Another Life: A defence of the much maligned wasp
Michael Viney extols the pollination and clear food value of the stinging aculeata
The wasp: Its search for sweetness at beer gardens, kitchen tables and wine glasses has dulled our respect for it. Illustration: Michael Viney
The wooden door of our old greenhouse, scoured by rain and wind, has weathered to a shade of silvery-grey that Farrow and Ball decorating paints might attempt.
The queen wasp I found busy at its surface was seeking her own use for its fibres – not as trendy wall-paint but for chewing up in pulp to make the cells for this year’s nest. The strips she tore off left pale scars on the door.
Where the nest might be I’ve no idea; quite probably underground. But it’s a new one every year, started by a queen wasp out of hibernation and initially the size of a golf ball. It grows rapidly in size as the numbers of wasps increase – hence the abandoned paper footballs surviving in odd corners of outside sheds or roof-spaces. We’ve plenty of either but have never found a nest.
Nor, for that matter, have we ever been stung by a wasp. That makes it easier to join the growing chorus of approval and recognition for the role of the aculeata – wasps equipped with a sting – in the balance of insects and plant life. Without them, as without bees or moths, the health of the planet’s vegetation would suffer even more.
In late summer the release of working wasps from feeding duties sends them off seeking sugar. Some prospect for sweetness at beer gardens, kitchen tables and wine glasses. For the trivial mayhem that may then occur, wasps as a whole have been maligned and their proper respect diminished.
To help put this right is a crusade for Dr Seirian Sumner, a reader in behavioural ecology at the University of London. As part of it, with Prof Adam Hart, Sumner set up the Big Wasp Survey, a citizen science project to sample populations of social wasps across the UK.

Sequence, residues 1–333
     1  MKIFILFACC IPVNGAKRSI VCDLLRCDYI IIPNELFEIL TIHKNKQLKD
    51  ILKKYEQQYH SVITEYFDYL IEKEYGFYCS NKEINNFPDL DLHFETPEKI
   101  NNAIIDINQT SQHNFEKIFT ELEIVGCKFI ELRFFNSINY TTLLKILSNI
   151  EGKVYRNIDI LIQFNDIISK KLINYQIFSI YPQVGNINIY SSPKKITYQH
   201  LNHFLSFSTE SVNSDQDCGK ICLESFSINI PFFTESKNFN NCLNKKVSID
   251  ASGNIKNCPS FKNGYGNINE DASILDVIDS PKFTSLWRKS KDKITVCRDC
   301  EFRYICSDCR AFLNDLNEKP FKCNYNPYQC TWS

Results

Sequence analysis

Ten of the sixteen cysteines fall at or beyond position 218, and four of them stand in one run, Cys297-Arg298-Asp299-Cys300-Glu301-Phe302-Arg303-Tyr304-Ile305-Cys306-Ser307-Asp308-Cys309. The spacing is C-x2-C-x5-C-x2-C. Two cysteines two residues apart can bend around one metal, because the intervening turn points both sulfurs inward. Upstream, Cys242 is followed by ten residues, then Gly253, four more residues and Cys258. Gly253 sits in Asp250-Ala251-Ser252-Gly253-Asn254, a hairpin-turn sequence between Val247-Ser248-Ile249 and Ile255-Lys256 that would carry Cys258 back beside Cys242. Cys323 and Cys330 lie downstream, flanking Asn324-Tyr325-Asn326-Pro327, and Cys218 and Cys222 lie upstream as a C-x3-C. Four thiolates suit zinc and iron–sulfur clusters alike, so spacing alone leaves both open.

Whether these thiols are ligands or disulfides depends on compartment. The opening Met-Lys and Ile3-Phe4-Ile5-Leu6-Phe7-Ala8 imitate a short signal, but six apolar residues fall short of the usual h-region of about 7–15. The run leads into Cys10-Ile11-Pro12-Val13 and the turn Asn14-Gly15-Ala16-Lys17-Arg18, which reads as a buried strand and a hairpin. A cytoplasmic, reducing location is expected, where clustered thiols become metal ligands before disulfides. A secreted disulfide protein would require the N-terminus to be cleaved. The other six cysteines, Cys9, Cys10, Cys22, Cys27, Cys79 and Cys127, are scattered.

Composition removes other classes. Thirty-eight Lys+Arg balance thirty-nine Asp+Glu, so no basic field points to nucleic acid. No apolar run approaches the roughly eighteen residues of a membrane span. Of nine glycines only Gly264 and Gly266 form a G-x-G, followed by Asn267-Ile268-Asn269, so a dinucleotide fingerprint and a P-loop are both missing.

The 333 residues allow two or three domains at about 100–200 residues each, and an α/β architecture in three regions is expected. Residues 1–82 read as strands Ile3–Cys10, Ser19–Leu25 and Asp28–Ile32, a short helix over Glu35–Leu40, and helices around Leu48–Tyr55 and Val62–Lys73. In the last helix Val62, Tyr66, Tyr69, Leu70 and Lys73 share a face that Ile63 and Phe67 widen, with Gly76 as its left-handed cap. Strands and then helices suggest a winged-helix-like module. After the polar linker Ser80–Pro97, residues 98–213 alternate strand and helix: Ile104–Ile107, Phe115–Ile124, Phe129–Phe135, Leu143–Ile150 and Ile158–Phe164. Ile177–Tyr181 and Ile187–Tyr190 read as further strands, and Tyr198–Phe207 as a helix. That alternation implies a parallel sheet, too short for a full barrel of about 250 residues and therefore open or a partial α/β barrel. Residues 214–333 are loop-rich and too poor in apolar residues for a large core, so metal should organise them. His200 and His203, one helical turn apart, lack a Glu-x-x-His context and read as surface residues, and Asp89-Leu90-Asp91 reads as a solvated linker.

‘Alternative to meat’
Thousands have hung up wasp traps in their gardens (old plastic bottles with a little beer in the bottom) and returned the dead insects for identification. A recent summer yielded some 18,000 wasps, useful for data but also recruiting interest in what many have always seen as pointless pests.
Dr Sumner’s latest paper, in Biological Reviews, is the first comprehensive review of the wasps’ ecosystem services as pollinators and pest controllers, decomposers and seed dispersers. She and her team also find their larvae “a sustainable alternative to meat for human consumption” .
It’s a global view, focused on the kinds of wasps with a sting, most of which lead solitary lives. Many are insect hunters, bringing prey back to small nests in holes in the ground. Others are parasites, such as tiny wasps that plant eggs in caterpillars as nurseries and food for their young.
The larger, more familiar “social” wasps, of which there are half-dozen species in Ireland, form only 3 per cent of the world’s wasps with stings. With many thousands per nest, however, their impact as insect predators is huge: perhaps even greater, says Dr Sumner, than the year-round consumption by insect-eating birds.
A nest of the common wasp, for example, will produce some 9,600 adults in its cycle, including more than 7,000 workers and almost 900 queens. One nest can consume half a kilo of prey as protein food for its young. This harvests and controls a huge variety of arthropods; everything from flies and caterpillars to ants, grasshoppers and spiders.
Solitary wasps tend to have specialist tastes in prey, or for parasitism, giving them potential as a biocontrol of pests. Social wasps are opportunistic, random hunters, but Dr Sumner sees a similar potential for them, especially in tropical crops, in “artificially inflated populations”.
Social wasps have short tongues for seeking nectar, which explains their springtime throng on the massed, shallow flowers of our big cotoneaster. The new study found 164 plant species that depend solely on wasp pollinators, with some orchids showing specific co-evolution with the insects.
Lack of research has long hidden the pollinating value of stinging wasps compared with bees. But the potential of their larvae as “a viable, healthy alternative to eating meat” is another of Dr Sumner’s enthusiasms.Two billion people across the globe, she points out, already eat more than 2,000 insect species.
Wasp larvae, farmed for food, have an exceptionally dry protein mass, typically contain some 70 per cent of required amino acids, and are extremely low in fat. They currently account for less than 5 per cent of human insect food, but Dr Sumner’s team found reports of their consumption across 19 countries. During the autumn harvest in Japan, “wasp nests typically sell for $100 per kilo”. The grubs are also “a popular street food” in east Asia, Africa and South America.
Insect farming, as she points out, takes up less space and water than meat production, has a much higher food-conversion and emits fewer greenhouse gases – wasps, one assumes, don’t belch methane.